Sex disparities in effects of cystic fibrosis-related diabetes on clinical outcomes: A matched study
RJ Miller, HD Tildesley, PG Wilcox, H Zhang, SH Kreisman
BACKGROUND: Cystic fibrosis-related diabetes (CFRD) is an increasingly prevalent comorbidity factor for patients with cystic fibrosis (CF). CFRD has been associated with an accelerated decline in clinical parameters and an increased mortality rate.
OBJECTIVES: To investigate the clinical impact of CFRD on pulmonary function and clinical status using a matched study design to further explore potential causality.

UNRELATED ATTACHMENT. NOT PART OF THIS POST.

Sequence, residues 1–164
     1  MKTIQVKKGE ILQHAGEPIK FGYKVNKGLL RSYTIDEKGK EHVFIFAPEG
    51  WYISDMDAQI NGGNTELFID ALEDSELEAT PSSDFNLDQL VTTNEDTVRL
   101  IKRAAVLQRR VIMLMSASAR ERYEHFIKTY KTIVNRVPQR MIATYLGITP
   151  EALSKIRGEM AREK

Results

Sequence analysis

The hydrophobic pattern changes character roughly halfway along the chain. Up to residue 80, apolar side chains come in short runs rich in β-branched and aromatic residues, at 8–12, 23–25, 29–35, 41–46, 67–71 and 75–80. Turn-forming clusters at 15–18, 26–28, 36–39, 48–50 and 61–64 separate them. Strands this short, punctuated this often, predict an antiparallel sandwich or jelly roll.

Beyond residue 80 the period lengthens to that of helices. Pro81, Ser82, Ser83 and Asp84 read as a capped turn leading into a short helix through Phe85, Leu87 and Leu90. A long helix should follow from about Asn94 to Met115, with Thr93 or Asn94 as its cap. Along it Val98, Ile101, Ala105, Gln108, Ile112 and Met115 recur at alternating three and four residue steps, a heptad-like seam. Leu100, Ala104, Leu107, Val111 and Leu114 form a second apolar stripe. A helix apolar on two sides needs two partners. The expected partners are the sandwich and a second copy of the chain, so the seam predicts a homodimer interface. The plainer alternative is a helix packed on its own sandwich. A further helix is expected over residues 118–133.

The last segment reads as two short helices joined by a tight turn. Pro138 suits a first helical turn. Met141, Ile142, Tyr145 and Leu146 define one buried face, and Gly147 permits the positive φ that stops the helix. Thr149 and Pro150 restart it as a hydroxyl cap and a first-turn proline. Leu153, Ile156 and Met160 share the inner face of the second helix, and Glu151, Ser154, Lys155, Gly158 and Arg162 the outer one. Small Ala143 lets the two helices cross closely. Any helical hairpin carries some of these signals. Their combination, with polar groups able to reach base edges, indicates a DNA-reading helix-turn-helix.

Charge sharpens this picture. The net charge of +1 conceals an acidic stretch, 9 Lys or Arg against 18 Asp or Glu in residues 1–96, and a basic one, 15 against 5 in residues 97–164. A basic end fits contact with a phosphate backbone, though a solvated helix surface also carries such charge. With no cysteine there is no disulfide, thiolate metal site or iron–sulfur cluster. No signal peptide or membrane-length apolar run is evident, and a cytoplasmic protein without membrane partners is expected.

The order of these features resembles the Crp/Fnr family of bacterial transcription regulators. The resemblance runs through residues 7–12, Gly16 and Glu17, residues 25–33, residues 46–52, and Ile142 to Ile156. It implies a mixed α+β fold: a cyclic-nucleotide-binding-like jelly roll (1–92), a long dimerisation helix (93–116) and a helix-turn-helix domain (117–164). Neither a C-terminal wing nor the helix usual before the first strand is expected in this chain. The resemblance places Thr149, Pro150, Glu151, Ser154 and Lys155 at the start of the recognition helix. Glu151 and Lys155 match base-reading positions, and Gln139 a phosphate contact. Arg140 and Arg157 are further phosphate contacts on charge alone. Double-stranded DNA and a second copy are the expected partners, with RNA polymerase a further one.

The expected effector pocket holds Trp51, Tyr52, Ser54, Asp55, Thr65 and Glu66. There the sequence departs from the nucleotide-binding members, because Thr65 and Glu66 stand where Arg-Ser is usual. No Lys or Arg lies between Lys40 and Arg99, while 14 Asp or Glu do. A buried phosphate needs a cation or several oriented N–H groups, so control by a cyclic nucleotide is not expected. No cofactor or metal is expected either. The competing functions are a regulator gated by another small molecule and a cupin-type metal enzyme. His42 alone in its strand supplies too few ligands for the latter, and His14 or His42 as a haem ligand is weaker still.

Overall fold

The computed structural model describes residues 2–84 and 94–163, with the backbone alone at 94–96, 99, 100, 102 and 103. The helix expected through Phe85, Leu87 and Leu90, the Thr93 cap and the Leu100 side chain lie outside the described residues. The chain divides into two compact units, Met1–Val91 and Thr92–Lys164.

METHODS: Charts from the adult CF clinic at St Paul's Hospital (Vancouver, British Columbia) were retrospectively reviewed. Forty CFRD patients with and without fasting hyperglycemia were matched to CF patients with nondiabetic glucose tolerance based on sex, age and forced expiratory volume in 1 s (FEV1).
RESULTS: Sixteen of 40 CFRD patients (40%) died compared with nine of 40 patient controls (23%) (P=0.13). CFRD patients were more likely to experience declines in FEV1 (P<0.01), especially women (P<0.01). Patients with CFRD were not more likely to be hospitalized (P=0.39). Body mass index did not differ between groups.
CONCLUSIONS: Patients with CFRD had higher rates of FEV1 deterioration than nondiabetic patients with CF, and showed a trend toward increased mortality. The present study suggests that CFRD has a significant clinical impact and should be carefully considered when evaluating the status of CF patients.